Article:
Use the perspective of a deontologist. Here’s the case: Terry Shaw is a cancer researcher who is on the verge of discovering genetic findings that will aid in early detection of breast cancer. He has been personally battling AIDS and has a serious relapse. He may regain some function if he is given a particular antibiotic, but his immune system is severely depressed and without immediate antibiotics he will die. Becky Muterspaugh has just completed a Ph.D. in Philosophy and is job-hunting. Though she is otherwise healthy, her appendix ruptures and she becomes very ill. Becky urgently requires the same antibiotic that Terry does in order to fight a severe infection and have a chance to live. Both patients are hospitalized at an isolated hospital in a mountainous region which is temporarily cut off from all transportation and delivery systems for at least one week due to severe weather. The hospital has only enough of the antibiotic to effectively treat one of the two patients. What would you do? from the perspective of a deontologist explain the ethical dilemma (there are always 2 sides that pose a choice in ethical dilemmas and the rationale of why they are uncomfortable choices due to outcomes), why you made that decision using the ethical principles (autonomy, beneficence, nonmaleficence,veracity, confidentiality, justice, fidelity. Note that each side of the dilemma will have its own unique ethical principle. Per the readings some principles are opposing (like beneficence and nonmaleficence – thus, if you use beneficence for one side, nonmaleficence should apply to the other side).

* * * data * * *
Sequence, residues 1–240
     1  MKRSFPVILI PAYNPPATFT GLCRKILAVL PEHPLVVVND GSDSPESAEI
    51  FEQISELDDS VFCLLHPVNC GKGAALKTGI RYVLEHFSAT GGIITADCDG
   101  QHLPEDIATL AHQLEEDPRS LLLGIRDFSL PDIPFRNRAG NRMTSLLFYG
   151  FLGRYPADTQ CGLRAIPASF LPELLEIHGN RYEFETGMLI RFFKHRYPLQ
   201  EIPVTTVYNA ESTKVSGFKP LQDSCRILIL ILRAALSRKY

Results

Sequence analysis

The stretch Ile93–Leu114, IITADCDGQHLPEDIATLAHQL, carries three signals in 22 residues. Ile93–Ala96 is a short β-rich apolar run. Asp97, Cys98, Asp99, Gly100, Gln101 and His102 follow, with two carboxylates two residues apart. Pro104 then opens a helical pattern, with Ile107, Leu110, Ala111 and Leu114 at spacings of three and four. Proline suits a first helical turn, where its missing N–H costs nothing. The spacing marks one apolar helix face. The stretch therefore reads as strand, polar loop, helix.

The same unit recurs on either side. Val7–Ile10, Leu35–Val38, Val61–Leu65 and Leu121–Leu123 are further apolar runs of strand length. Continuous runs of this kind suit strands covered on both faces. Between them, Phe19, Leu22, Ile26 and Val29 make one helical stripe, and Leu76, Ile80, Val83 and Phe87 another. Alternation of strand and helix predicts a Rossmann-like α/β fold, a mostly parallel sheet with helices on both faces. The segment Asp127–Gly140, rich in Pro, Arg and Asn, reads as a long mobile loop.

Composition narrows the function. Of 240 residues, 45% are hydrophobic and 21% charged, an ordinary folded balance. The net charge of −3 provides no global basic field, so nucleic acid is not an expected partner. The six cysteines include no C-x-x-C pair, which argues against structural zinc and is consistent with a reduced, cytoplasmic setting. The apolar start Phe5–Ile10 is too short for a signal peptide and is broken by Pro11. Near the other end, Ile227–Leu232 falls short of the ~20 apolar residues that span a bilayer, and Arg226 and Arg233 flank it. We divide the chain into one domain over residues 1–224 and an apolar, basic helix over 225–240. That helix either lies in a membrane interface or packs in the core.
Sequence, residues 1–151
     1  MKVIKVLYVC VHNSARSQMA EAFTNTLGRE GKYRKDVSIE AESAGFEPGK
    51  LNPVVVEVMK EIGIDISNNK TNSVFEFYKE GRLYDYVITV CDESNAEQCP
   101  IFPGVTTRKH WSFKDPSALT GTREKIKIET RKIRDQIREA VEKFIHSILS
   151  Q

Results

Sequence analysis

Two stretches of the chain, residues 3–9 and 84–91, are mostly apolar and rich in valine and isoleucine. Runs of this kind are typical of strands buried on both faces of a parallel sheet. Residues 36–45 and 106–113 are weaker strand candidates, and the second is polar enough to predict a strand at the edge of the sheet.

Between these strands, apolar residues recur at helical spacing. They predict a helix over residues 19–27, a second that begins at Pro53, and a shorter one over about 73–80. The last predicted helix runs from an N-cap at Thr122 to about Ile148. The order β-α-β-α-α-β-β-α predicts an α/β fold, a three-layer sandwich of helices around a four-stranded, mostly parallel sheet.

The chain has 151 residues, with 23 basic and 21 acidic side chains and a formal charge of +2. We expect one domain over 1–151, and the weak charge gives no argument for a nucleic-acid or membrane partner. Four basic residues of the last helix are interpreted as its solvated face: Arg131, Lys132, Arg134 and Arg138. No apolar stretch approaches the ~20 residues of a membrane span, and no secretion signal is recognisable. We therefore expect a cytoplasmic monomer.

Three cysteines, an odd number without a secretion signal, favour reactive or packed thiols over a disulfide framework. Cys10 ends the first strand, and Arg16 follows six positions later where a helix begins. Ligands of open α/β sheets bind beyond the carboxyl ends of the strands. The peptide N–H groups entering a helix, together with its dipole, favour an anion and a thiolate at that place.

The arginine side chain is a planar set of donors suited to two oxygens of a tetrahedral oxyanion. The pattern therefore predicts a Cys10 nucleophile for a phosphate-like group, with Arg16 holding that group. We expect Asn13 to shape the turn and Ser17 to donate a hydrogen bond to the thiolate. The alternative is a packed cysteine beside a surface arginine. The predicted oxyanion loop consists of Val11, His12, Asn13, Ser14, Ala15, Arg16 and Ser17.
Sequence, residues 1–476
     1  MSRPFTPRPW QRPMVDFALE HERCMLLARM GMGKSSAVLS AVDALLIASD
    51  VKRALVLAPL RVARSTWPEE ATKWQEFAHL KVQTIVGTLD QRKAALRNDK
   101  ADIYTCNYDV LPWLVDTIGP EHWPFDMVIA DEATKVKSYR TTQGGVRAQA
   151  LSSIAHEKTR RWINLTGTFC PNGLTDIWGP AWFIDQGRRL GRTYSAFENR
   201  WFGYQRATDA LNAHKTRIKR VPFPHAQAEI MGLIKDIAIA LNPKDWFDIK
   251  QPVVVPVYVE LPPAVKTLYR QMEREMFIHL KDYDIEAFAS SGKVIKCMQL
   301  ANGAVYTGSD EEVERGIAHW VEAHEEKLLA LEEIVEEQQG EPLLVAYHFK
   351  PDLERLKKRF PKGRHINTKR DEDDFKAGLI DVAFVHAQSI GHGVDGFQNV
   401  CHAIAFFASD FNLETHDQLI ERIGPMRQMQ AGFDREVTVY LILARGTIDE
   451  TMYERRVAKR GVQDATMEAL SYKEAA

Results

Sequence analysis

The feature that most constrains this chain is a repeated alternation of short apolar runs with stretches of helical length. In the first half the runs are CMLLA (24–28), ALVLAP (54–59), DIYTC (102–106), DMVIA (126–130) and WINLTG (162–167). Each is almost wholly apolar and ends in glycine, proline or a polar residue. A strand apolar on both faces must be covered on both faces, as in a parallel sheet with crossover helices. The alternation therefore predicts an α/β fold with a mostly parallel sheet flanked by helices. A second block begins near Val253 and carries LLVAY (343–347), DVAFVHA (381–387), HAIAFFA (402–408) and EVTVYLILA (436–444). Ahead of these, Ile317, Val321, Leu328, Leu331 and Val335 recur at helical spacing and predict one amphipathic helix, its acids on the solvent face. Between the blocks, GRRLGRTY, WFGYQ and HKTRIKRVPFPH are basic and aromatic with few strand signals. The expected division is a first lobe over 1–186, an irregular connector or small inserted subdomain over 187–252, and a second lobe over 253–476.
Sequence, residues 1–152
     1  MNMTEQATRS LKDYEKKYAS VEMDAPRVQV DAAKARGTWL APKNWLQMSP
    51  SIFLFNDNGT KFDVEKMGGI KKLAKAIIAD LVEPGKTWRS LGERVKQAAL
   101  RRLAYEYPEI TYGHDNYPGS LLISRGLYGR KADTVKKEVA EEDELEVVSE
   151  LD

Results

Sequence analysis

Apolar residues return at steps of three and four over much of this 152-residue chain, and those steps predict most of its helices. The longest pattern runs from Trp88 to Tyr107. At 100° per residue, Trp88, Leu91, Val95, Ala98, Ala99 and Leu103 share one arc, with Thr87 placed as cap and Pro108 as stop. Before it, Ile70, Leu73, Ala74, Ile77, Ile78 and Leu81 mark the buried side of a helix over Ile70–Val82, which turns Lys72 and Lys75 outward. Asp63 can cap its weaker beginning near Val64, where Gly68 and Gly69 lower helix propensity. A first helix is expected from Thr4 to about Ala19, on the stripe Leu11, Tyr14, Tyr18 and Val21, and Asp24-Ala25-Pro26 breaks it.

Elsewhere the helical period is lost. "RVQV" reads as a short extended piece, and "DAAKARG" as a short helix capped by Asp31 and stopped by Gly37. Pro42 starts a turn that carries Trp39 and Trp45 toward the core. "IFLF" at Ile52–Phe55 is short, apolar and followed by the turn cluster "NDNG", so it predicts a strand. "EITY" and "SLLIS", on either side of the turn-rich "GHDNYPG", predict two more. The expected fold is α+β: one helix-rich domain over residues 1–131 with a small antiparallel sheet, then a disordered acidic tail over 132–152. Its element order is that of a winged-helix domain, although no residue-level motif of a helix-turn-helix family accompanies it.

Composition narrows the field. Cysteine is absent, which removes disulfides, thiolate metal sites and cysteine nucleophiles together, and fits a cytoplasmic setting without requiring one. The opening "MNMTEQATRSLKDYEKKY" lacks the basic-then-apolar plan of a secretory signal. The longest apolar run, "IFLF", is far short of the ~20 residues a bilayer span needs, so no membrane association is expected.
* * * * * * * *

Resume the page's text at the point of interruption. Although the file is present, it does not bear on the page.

From a deontologist perspective, I would treat Terry Shaw who is a cancer researcher and his genetic findings might help in the early detection of breast cancer. The ethical dilemma is serious as it leaves the physician with two difficult decisions. Deontological ethics argues that the decisions should made based on the rightness and the wrongness of the actions rather than the consequences (Lyu, & Zhang, 2018). Other ethical approach will consider the consequences of the decisions. However, in our case, the moral considerations of the actions were more important making it recommendable to treat the cancer researcher with the remaining antibiotics because the decision would be beneficial in saving more lives in future.
On the other hand, Becky Muterspaugh deserves to get the same antibiotic treatment because she has just completed a Ph. D in philosophy. Her education would have significant impact on the society. She is very young and with her education, she would be able to help people to understand their lives better. She is healthy unlike Shaw who is suffering from AIDS. However, she is very ill and has only a chance of living. Terry might benefit from the antibiotics in fighting the severe infection from the appendix ruptures. This implies there is no guarantee that Becky will be fully healed due to her condition. The decision will rely on the current facts and how they could impact the society to take the right action. As such, there is a dilemma whether it is the right decision to use the antibiotics in treating her.